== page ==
Insurers’ practice of charging patients based on list price, while treating manufacturers’ prescription drug rebates as general revenue instead of offsets to plan costs, may already have been unlawful prior to the passing of this amendment—as T1DF has alleged since filing Boss v. CVS Health (against PBMs acting as agents of insurers) in March 2017. Senator Benson's amendment doesn't mandate net cost accounting in all plans nor does it address the issue of rebate laundering through insurers' out-of-state holding companies; it does, however, establish a clear mandate for point-of-sale rebate pass-through.
Forcing insurers—who now receive manufacturer rebates greater than 70% off list price—to base insulin cost-sharing on rebated net cost (or lower) is crucial to bringing down list prices. But Minnesota’s narrow amendment—targeting only insulin, and only patient cost-sharing—is just a small step toward the wholesale reform Americans need. We need to see all insurers, large self-insured employers, Medicare Part D plan sponsors—every third-party-payer active in the U.S.—shift to net cost accounting for the pharmacy benefit for all purposes and for all drugs and supplies. An insurer’s or other third-party payer’s net cost for a prescription drug is the only legitimate basis for calculating beneficiaries’ cost-sharing and premiums, and for all reporting.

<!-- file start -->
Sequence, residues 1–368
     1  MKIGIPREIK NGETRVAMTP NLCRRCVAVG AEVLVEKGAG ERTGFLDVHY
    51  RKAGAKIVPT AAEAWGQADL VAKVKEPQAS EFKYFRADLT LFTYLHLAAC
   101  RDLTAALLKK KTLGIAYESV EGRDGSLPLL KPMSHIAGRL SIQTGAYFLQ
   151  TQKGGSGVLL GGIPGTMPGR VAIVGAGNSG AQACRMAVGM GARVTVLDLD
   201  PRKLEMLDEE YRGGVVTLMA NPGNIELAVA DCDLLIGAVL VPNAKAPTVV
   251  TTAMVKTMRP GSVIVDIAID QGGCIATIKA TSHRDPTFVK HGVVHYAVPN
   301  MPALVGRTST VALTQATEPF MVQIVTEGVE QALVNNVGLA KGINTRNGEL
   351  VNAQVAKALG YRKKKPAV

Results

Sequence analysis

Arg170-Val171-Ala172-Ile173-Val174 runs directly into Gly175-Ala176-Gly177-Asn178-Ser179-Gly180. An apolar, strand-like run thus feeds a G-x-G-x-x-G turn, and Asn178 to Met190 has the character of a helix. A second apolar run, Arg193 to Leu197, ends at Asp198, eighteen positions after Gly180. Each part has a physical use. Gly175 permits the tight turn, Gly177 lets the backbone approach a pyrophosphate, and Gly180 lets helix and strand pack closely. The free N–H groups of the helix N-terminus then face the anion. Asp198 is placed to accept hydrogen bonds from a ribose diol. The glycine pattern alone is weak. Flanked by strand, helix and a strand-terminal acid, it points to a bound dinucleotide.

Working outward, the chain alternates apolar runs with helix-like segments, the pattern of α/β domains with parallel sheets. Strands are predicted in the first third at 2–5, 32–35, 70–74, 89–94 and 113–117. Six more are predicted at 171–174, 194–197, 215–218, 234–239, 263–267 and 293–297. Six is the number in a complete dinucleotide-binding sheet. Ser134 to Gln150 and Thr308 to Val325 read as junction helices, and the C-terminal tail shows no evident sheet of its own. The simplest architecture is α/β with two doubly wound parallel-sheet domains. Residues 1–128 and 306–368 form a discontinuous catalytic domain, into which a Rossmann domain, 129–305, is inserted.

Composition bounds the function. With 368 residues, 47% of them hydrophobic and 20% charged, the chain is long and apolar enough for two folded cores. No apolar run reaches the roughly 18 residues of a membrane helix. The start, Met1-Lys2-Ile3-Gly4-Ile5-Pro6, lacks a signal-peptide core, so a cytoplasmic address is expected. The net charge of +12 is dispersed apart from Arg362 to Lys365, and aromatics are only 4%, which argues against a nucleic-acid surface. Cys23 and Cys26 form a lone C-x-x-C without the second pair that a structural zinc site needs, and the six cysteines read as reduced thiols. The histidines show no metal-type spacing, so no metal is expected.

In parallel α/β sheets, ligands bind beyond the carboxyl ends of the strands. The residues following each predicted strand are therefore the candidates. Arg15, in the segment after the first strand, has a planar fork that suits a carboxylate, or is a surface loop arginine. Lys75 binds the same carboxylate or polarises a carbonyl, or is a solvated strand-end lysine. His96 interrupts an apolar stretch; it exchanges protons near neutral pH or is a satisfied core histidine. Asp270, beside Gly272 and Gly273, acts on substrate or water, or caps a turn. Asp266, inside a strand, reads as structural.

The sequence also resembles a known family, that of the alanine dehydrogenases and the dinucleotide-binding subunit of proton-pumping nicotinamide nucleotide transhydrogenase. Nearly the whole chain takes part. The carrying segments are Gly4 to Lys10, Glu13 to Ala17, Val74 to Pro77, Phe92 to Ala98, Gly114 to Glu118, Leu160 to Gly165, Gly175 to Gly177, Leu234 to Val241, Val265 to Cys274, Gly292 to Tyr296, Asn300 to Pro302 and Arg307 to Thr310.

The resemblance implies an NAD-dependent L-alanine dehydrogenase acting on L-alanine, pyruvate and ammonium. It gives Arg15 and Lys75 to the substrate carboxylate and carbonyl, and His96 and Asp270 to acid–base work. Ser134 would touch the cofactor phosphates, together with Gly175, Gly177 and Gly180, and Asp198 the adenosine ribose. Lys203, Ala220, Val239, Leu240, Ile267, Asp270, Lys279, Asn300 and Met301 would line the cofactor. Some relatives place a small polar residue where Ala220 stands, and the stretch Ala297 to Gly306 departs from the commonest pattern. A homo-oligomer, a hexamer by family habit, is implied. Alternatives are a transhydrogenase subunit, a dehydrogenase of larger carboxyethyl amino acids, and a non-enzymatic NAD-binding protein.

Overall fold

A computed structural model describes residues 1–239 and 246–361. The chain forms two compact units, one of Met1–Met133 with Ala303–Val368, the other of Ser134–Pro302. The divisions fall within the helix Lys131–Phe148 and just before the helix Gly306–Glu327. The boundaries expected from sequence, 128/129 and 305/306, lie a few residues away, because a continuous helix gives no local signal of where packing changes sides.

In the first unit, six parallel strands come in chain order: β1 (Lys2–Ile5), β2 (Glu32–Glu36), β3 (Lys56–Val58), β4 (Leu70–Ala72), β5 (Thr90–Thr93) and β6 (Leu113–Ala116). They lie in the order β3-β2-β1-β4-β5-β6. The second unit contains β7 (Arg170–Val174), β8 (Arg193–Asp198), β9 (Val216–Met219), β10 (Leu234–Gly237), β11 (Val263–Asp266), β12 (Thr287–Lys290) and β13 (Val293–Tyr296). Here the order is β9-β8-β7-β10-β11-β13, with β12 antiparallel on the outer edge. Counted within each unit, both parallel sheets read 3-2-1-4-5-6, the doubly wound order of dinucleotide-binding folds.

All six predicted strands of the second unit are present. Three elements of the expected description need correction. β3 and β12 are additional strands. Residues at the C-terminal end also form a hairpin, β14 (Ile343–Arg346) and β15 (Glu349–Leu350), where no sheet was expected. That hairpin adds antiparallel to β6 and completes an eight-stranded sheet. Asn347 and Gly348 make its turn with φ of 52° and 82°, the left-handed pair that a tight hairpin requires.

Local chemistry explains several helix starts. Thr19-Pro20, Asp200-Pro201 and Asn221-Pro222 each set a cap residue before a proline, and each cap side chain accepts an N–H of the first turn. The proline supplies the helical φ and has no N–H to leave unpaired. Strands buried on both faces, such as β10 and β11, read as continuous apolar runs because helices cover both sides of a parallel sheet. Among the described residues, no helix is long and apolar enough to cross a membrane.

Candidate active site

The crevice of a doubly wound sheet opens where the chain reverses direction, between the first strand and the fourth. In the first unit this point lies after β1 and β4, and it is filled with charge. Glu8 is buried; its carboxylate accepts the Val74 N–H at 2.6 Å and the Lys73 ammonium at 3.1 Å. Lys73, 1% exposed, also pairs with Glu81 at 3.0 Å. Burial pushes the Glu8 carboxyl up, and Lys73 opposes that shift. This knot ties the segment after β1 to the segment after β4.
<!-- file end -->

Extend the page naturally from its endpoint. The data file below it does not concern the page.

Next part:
Since Joe Carlson is now writing openly about insurers’ practice of exploiting the difference between insulin list and net price (dubbed the "gross-to-net bubble" by DrugChannels’ Adam Fein) to boost their profits, we hope this reporter will now move on to a related question: